It’s been three hundred years since people in the remote land of Khakassia in Siberia adopted Christianity, but they still cling to many pagan traditions. Their ancient culture still believes in the mysterious healing powers of shamans.
Anna says a pole with ribbons represents the nearby mountain's spirit. She offers some vodka and bread in sacrifice to the gods every day and performs it with total dedication.
She says something bad may occur if she fails to win the spirit's favour – for instance, a road accident or sickness.
“Once the spirit kept my mother's grandfather in a pond where he went to swim till dusk,” says Anna.
According to the shaman community, all of them have their own protectors. It could be birds or animals or even humans. Alisa Kyzlasova, who is a shaman and an actress, refuses to say where her supernatural powers come from.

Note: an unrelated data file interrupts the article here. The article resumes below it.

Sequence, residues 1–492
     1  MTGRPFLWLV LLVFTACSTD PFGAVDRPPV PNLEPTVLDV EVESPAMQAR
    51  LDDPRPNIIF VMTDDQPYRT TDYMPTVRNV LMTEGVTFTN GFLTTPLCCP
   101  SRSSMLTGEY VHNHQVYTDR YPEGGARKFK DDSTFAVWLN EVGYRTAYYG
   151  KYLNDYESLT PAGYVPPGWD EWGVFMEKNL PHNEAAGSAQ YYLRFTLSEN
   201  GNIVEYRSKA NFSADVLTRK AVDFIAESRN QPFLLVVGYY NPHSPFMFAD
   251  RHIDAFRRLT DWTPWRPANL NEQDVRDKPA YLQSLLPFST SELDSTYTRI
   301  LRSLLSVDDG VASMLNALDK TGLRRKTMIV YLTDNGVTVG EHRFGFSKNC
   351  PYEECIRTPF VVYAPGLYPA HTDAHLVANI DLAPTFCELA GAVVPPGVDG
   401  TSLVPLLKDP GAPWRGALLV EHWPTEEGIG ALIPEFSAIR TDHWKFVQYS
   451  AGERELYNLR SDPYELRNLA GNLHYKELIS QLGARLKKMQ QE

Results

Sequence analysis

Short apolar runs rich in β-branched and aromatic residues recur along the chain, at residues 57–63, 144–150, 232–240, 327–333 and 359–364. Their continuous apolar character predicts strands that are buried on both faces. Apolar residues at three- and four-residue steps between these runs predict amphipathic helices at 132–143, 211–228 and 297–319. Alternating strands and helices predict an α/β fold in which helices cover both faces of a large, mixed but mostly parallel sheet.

“There is fierce competition among us. I'll never reveal what or who my protectors are. Shamans who are stronger than me may win them over, and then all my power may vanish!” Alisa says.
The looks of some of the Khakas shamans fully correspond to the typical image of a shaman, with special clothes and ritual dances. But not all of them look like sorcerers.
Svetlana Ugdyzhekova dreamed of a career as an archaeologist. Her ambition was to find the grave of Genghis Khan. Instead, being a hereditary shaman, she became a doctor and psychotherapist.
“I believe my exceptional abilities were given to me to help people. For instance, I am able to prevent some events if they are a threat to me or to my friends and relatives,” Svetlana says.
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